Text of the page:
Going on Holiday?
05 October 2018
"Going on holiday?" This was the polite greeting from the friendly bus driver this morning as we humphed a hundred kilos of wheely bags and rucksacks aboard the express bus to Sydney. It had been a fractious morning. A fractious few weeks in fact, dealing with idjits the length and breadth of the Bank of Scotland trying to extract OUR money from their grasping, inefficient and rule bound systems, when they were available, and so yours truly wasn't really in the mood for pleasantries. A number of sarcastic responses flew through my head, "Naw. Just going to the shops", "No, I'm taking them to get the wheels serviced" but fortunately good breeding pulled through and I equally politely replied with some nonsense about the weather. Which has well and truly broken. New South Wales has been drought stricken for many, many months so the hundred mil of rain in the last two days is as wildly welcomed by the farming community as it is hated by us splashing our bags into Sydney and out to the airport through the deluge.
I counted up last night and it's seven years since we left gainful employment for the first time in forty odd years and sailed out of Largs marina on Scotland's beautiful west coast and headed out over the far horizon, well Lochranza actually, to begin our new life as "live-aboards", cheek by jowl in forty five feet by fourteen, twenty four - seven, with only time off for good behaviour and Christmas. And so, when people ask if you're off on holiday, it's difficult and a bit sometimes, such is my work ethic, embarrassing to answer as, no actually, this is our life. It just looks like a holiday.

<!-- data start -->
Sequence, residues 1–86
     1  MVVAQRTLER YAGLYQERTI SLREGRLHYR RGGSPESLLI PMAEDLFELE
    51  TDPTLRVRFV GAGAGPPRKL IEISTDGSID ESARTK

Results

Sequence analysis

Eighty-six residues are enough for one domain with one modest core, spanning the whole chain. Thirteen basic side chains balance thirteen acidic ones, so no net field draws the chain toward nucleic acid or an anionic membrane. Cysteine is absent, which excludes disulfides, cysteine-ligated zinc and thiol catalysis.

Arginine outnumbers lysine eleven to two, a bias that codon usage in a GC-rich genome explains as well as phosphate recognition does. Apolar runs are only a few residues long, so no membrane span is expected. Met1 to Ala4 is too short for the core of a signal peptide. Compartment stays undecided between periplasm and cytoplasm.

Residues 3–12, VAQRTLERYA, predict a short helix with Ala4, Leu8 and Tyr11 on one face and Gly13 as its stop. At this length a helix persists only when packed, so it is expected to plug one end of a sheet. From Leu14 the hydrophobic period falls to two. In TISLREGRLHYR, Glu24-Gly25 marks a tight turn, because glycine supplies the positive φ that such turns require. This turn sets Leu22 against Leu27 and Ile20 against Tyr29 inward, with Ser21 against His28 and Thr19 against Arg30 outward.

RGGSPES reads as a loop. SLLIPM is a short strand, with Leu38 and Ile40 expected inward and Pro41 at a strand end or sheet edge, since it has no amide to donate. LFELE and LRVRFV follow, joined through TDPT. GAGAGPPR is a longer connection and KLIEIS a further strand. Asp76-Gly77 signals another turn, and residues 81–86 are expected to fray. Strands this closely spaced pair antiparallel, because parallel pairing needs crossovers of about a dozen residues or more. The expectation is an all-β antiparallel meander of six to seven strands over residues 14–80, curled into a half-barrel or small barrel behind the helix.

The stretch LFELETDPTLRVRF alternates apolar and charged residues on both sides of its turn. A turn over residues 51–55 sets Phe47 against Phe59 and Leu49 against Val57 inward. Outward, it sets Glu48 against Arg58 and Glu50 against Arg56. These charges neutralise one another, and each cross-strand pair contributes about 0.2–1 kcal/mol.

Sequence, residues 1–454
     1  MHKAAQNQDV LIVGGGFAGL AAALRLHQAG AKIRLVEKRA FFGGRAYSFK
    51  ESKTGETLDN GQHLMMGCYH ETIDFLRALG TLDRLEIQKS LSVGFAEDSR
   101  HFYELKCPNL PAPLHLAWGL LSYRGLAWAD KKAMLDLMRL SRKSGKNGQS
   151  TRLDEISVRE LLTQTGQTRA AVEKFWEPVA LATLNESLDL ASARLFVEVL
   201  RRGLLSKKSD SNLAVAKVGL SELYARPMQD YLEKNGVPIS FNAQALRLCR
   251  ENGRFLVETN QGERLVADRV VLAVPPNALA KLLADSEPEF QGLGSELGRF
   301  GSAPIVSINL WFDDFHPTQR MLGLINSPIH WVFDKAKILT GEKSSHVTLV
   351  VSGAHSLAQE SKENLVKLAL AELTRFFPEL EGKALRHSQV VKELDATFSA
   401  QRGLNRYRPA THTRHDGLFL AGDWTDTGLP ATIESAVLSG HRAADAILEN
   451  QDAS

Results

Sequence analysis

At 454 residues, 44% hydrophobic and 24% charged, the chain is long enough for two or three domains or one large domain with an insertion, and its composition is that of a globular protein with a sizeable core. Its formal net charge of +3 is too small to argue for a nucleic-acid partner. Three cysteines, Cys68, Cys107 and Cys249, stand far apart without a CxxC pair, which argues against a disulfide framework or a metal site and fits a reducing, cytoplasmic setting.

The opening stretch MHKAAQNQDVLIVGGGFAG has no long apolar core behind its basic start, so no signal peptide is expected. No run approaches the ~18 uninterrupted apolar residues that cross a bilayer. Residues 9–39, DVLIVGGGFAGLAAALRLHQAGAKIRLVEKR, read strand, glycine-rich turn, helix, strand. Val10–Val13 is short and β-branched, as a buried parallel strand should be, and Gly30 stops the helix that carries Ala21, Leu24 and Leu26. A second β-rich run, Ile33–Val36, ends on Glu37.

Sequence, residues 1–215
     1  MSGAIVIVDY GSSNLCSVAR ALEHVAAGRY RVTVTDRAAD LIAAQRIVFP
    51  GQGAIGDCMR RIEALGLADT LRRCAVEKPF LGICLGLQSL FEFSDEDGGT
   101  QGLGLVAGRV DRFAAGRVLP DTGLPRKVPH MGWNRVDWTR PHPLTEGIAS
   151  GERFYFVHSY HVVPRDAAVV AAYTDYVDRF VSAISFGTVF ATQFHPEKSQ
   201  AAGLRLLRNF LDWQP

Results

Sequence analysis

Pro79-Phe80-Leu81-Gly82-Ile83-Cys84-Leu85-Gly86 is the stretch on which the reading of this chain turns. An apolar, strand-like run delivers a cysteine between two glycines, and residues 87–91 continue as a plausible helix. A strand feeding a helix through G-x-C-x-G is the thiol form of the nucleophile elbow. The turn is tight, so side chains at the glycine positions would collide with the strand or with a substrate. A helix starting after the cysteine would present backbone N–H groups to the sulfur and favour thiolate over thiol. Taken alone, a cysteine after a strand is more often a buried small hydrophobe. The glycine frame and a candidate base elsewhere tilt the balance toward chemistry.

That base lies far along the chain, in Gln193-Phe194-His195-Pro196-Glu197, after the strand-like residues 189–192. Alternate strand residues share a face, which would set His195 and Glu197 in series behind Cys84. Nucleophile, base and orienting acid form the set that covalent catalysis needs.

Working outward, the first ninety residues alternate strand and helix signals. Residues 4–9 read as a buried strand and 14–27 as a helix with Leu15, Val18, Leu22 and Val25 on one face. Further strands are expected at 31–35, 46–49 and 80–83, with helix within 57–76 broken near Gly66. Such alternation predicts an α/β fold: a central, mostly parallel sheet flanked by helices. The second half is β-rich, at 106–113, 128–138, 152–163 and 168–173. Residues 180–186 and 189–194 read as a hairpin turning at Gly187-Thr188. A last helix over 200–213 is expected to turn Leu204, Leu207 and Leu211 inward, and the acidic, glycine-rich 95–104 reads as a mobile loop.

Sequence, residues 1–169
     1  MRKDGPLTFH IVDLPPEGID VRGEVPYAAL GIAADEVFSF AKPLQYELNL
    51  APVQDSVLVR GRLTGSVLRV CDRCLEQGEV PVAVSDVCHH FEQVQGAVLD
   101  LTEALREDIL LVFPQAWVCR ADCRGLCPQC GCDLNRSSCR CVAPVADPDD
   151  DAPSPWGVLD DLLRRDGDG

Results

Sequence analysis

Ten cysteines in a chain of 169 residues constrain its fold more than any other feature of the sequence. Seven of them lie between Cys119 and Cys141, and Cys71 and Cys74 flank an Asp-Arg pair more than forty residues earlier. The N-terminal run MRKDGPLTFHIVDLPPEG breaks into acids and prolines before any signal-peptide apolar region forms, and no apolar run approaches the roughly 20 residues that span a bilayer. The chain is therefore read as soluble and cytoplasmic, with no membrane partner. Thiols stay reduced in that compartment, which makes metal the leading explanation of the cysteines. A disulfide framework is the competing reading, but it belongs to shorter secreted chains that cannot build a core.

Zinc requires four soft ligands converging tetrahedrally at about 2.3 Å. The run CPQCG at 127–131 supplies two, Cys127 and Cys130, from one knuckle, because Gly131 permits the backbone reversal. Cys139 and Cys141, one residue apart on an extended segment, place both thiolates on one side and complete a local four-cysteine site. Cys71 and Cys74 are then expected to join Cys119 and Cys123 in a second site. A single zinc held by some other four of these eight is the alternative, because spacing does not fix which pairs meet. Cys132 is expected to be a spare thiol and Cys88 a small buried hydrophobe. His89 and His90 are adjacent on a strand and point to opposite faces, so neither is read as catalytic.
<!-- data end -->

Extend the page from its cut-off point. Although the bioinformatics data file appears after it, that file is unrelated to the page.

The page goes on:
The last four months has been different, effectively kicking our heels between boats and it's been an entirely new experience for us. Living in a confined space for so long set us up for the 4WD tour of Western Australia which was great. Silver beaches stretching for miles. Vast empty horizons where the arrow straight gravel roads disappear into a distant pin prick. The "bush", with miles of carpets of wildflowers, (weeds I'd call them) towering rocks where for tens of thousands of years the aborigines walked around the precipice looking out into the bush, where, with the advantage of height, they could spot game and enemy, but where now, stainless steel barriers line those same cliff tops in case some dumb tourist walks too close to the edge, despite having been reminded every few steps of the risk of potential and really painful death by countless "Danger! Cliff Edge" signs. That's evolution for you.
We climbed deep down into the gorges carved out of the barren plateaux, watched wallabies, camels and eagles the size of small adults and clunked and rattled for miles in choking red bull dust - if you were following. The dust I'm still picking out what's left of my my hair. However, as far as camping is concerned, or at least our version of it, fifty plus days and nights in the back of a tiny Land Cruiser was....., well, just plenty. "I'm just off to the loo", armed with a shovel. All very outback and billabong but, after a while, usually about three in the morning, it wears a bit thin. We wouldn't have missed off-road WA but after a while, you miss your comforts, or indeed, some basics.
And so, road trip over we immensely enjoyed three weeks intensive rehabilitation of daily showers, full size bed, sofa, tele and eating at a table in P & C's apartment. But again we must press on, answering the call of the sea, heading for New Caledonia for a date with Tall, Slim and Drop Dead Gorgeous. And Trevor.
Look out liver.